The ‘Offensive Behaviour at Football & Threatening Communications (Scotland) Bill’ has been proposed to the Scottish Parliament and is intended to come into force before the new Scottish football season starts on the 23rd July.
It has been put forward as a direct response to recent issues affecting Scottish football and is intended to cover types of behaviour and activity not adequately covered by ‘Breach of the Peace’. Specifically, it is intended to cover sectarian and other offensive behaviours and threatening communications and will give courts the power to imprison offenders for up to a maximum of five years.
The Bill aims to clarify existing criminal law in this area and therefore introduces two new offences –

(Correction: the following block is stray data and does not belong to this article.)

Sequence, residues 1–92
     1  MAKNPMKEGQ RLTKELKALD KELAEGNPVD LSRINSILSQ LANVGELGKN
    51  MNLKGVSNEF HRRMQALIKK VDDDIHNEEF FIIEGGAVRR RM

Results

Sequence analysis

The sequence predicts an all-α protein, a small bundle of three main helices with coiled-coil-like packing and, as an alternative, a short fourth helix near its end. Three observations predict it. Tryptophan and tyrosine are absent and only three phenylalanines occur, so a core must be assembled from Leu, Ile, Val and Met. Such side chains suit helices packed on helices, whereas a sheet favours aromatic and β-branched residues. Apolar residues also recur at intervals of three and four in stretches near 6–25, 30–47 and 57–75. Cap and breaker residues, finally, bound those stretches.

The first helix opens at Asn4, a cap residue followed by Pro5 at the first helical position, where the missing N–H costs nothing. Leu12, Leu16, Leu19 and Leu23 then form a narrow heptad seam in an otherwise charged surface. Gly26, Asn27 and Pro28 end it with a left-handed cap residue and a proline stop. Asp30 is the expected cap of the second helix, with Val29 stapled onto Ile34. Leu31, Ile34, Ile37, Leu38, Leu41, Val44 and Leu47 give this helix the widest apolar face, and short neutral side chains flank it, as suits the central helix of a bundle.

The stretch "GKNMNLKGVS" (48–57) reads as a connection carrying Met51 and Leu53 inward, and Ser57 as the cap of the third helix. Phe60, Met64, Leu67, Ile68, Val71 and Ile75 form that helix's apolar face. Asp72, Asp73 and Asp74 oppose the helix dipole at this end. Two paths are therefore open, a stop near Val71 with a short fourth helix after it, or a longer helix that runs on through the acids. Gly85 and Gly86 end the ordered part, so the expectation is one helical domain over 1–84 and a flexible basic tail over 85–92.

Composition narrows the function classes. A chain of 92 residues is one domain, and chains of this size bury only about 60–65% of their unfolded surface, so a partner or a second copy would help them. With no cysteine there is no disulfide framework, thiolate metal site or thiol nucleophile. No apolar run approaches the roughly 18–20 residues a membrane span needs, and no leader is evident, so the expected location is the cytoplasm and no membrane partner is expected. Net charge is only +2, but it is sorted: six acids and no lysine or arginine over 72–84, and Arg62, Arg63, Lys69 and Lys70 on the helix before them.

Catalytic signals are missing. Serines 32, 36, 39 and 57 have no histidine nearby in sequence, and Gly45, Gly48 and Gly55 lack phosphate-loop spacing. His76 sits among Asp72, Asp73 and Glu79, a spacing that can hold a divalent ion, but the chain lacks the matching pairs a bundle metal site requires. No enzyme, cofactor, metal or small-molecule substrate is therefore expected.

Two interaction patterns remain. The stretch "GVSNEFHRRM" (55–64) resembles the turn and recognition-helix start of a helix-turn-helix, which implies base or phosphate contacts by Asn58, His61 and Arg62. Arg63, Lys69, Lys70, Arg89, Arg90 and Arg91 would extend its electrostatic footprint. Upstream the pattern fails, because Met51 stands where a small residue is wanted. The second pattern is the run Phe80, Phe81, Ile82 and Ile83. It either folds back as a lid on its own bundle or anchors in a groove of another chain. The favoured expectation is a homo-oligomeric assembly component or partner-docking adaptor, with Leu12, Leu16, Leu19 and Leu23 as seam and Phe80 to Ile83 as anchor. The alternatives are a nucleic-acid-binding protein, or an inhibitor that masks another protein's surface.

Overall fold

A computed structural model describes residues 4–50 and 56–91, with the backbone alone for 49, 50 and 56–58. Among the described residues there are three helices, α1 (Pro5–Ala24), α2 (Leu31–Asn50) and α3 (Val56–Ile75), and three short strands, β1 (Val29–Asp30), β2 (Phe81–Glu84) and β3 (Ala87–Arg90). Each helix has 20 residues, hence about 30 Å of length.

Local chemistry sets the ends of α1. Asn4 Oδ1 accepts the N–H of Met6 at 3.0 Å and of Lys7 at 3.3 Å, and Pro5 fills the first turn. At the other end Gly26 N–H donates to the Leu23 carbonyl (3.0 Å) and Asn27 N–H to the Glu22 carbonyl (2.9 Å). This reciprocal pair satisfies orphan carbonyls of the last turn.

(1) Offensive Behaviour: this covers sectarian and other offensive behaviour, including chanting and gesturing, related to football, that is likely to cause or incite public disorder; this includes offensive behaviour towards others because of their religious beliefs, colour, race or ethnic origins, sexual orientation or disabilities.
(2) Threatening Communications: this will cover threats of serious harm (including threats over the internet) and will criminalise threats inciting religious hatred (including implied threats); it will not cover peaceful preaching, the right to criticise or comment on other religious or non-religious beliefs, even in harsh terms, and will not criminalise jokes or satire about religious or non-religious beliefs
The need for such a Bill to be introduced was raised as a priority at the recent Football Summit, chaired by Alex Salmond and attended by Strathclyde Police and football clubs. Whilst it was recognised that the problem of sectarian and other offensive behaviour runs deep in Scottish society, it was felt that the new legislation would at least help to tackle the issues directly as they emerge in relation to football.